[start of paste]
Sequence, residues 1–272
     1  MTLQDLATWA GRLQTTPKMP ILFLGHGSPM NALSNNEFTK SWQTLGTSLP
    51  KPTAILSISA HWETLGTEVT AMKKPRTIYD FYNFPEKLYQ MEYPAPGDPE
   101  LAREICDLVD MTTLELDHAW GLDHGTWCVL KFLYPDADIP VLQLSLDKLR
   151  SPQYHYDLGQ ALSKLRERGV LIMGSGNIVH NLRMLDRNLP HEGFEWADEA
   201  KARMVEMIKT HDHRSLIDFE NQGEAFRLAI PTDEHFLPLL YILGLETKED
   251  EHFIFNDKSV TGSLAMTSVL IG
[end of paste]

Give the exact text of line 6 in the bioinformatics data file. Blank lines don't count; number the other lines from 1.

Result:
   201  KARMVEMIKT HDHRSLIDFE NQGEAFRLAI PTDEHFLPLL YILGLETKED